It was equally frustrating and encouraging to watch Caitlin, daughter of ‘white’ Dee (picture: C4) on the infamous Channel 4 documentary ‘Benefits Street’ last night, declare her ambitions to work in fitness, much to the derision of her mother who couldn’t understand why her daughter would want to work for a living rather than effectively be ‘paid’ to do nothing.
As long as Caitlin can stay focused on her goal, is not distracted by the counter influences around her and pays more attention to her mum when she talks her contrary message of wanting a career for her daughter, which she very confusingly also did, she will probably succeed despite the odds being stacked against her.
It led me to wonder whether the key to success is the goal itself rather than your circumstances, although it is undeniable that these obviously have a massive effect.I was having a similar conversation with my dad at the weekend over a birthday drink. He left the family home when four of us siblings were very young. I wanted to be a journalist and needed five ‘O’ levels and three A levels to become a trainee, which I dutifully obtained. It was an English literature lecturer on my last day who suggested a degree as an alternative route, unconsidered until that point. Being a late applicant, my choice was limited and I ended up at a not-too-amazing polytechnic but achieved a 2.1 and won a place on a journalism post-grad at City Uni.
Discussing how background has an effect, I pointed out to my dad that had I been born into a family who were more interested in educational achievement, I probably would have applied to uni much earlier and attended a different establishment but my goal kept me focused. I consider my middle brother to be academically capable but he left school with few qualifications and has held some half-decent jobs over the course of the last 20 odd years but I think a university degree would have seen him on a different course. The only difference between me and my brother? I had a goal.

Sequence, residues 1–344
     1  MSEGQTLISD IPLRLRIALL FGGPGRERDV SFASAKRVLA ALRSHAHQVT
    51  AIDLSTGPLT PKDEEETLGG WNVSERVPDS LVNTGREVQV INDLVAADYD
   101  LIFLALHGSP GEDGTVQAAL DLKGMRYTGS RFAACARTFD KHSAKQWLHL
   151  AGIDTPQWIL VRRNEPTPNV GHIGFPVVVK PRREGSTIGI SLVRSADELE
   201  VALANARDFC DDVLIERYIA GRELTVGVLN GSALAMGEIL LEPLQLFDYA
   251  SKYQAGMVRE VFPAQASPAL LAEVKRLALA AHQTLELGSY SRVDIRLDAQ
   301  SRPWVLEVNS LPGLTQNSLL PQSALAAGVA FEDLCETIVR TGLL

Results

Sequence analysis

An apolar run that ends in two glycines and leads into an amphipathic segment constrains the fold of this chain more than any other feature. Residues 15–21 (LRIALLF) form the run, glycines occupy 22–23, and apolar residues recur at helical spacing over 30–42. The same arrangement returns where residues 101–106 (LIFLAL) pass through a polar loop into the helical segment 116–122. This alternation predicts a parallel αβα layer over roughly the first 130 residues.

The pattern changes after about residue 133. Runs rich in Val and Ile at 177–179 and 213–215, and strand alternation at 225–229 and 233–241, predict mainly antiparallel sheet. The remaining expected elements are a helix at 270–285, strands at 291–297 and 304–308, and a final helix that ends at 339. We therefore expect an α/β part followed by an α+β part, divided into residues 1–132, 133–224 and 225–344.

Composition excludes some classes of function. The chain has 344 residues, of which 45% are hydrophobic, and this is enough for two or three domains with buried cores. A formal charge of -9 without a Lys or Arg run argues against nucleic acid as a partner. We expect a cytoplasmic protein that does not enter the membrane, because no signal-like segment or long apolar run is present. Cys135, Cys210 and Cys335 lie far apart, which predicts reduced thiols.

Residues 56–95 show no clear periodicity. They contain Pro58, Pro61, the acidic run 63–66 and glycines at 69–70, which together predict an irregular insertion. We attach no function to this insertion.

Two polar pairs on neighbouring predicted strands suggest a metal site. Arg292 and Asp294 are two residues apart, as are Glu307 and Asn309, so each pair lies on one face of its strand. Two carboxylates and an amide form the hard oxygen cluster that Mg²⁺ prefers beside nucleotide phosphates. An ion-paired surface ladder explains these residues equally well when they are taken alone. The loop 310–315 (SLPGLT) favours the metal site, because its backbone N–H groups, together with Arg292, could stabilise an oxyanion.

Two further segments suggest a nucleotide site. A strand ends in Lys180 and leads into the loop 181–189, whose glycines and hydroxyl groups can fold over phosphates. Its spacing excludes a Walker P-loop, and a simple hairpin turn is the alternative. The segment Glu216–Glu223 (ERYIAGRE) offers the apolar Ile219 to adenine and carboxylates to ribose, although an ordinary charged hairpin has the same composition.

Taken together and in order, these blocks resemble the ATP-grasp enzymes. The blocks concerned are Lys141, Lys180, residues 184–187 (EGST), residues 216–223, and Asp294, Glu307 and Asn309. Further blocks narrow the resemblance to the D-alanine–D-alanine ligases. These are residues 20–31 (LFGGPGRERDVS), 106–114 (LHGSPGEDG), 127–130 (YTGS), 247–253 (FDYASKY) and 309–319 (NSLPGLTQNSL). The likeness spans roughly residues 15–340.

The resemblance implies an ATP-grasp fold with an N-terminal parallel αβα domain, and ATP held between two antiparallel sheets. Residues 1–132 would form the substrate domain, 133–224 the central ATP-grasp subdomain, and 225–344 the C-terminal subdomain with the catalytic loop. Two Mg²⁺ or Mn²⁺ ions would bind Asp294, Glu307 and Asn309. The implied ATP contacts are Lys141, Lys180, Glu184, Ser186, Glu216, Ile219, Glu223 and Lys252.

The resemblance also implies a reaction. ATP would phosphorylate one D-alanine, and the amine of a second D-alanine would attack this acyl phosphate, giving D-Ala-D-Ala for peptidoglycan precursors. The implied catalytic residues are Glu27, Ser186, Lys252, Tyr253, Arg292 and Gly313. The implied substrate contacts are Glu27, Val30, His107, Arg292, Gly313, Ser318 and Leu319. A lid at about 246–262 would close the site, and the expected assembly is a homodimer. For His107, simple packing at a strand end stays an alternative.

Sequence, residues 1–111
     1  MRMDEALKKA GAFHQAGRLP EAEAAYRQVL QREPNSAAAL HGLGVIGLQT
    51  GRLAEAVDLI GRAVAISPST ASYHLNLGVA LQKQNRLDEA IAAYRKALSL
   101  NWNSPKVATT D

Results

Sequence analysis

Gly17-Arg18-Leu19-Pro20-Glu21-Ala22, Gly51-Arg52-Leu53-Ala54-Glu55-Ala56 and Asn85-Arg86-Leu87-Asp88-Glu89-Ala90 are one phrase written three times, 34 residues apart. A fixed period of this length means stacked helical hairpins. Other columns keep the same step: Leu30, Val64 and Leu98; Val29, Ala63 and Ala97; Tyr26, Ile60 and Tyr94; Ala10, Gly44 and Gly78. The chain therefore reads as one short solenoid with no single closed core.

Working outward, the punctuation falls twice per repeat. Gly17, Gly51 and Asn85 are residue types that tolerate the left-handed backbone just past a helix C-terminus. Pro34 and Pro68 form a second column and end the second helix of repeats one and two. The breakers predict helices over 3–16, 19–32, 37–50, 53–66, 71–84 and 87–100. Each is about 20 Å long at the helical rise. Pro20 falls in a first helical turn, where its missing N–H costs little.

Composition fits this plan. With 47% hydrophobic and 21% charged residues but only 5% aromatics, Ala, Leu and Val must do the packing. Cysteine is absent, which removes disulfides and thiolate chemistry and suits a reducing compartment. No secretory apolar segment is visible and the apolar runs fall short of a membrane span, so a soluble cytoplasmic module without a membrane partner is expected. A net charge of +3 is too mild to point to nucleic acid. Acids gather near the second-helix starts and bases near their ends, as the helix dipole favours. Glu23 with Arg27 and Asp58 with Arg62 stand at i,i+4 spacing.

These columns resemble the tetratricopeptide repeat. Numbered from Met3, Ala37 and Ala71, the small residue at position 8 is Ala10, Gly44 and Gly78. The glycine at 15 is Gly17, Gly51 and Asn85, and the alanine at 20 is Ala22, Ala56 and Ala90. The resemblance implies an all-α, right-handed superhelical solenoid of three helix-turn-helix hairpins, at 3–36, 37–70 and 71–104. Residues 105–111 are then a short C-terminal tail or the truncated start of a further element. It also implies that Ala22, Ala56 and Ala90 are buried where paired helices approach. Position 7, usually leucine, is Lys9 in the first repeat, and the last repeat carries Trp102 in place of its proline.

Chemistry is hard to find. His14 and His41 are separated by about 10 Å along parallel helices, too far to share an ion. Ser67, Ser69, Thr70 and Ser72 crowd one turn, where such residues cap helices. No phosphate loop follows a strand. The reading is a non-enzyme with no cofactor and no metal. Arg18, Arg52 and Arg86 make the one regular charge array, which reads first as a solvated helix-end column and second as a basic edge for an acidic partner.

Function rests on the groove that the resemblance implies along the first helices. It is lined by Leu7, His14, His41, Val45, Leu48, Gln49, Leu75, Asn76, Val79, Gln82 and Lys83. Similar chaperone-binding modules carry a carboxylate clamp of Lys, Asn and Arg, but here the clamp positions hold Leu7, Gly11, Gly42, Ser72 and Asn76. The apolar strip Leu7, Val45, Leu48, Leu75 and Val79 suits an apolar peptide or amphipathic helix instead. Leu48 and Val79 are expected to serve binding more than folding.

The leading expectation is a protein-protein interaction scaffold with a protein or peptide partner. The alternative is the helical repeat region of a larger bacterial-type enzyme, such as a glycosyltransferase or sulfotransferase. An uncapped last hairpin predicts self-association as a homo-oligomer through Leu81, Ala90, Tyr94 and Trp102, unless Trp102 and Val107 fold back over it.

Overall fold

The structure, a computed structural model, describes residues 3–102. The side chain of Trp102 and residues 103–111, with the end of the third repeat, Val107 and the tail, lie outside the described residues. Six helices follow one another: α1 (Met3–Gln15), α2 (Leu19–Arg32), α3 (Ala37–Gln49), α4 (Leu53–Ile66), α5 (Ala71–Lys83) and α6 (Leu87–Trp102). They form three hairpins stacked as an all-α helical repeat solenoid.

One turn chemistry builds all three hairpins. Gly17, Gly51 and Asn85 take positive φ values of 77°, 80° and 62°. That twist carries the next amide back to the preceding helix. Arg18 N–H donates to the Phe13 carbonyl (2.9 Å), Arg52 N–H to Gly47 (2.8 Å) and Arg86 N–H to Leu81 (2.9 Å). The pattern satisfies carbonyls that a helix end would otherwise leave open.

My dad thinks he has cocked up. He did. Not by leaving the family home but his lack of interest in our education and work goals, which would not have been any different had he stayed. However, he thinks I drive my own children too hard! Oh, how we are the product of our unique upbringings!
Fellow parents have often commented on how focused my eldest daughter is when it comes to achieving top exam grades and undertaking work experience. It has been easy: she has a goal. She wants to be a vet and to be in with shot at achieving a place at vet school there are distinctive hoops to jump through and she is very busy jumping although I am behind her, nagging, all the way!
My middle daughter has no idea what she wants to do but loves languages. She is extremely studious and hard-working. She also has me as a mother so the fact she has no goal, is not a huge worry. There are, without doubt, plenty of middle class and wealthy youngsters who have not achieved or careered off the rails despite all their privileges. A lack of a goal and several distractions to fill that gap could have been their undoing.
My son, the youngest, is very different. He was literally dragged kicking and screaming through the national curriculum during his primary school years, preferring the physical world to the academic. Now at secondary school, he is a reformed character: he has decided he would like to be a commercial or military pilot. He has a goal.
So, is it as simple as having a goal which can determine the likelihood of achieving? I think so. I wish Caitlin the very best of luck and sincerely hope she keeps her goal well and truly in sight; if she does, she has every chance of succeeding.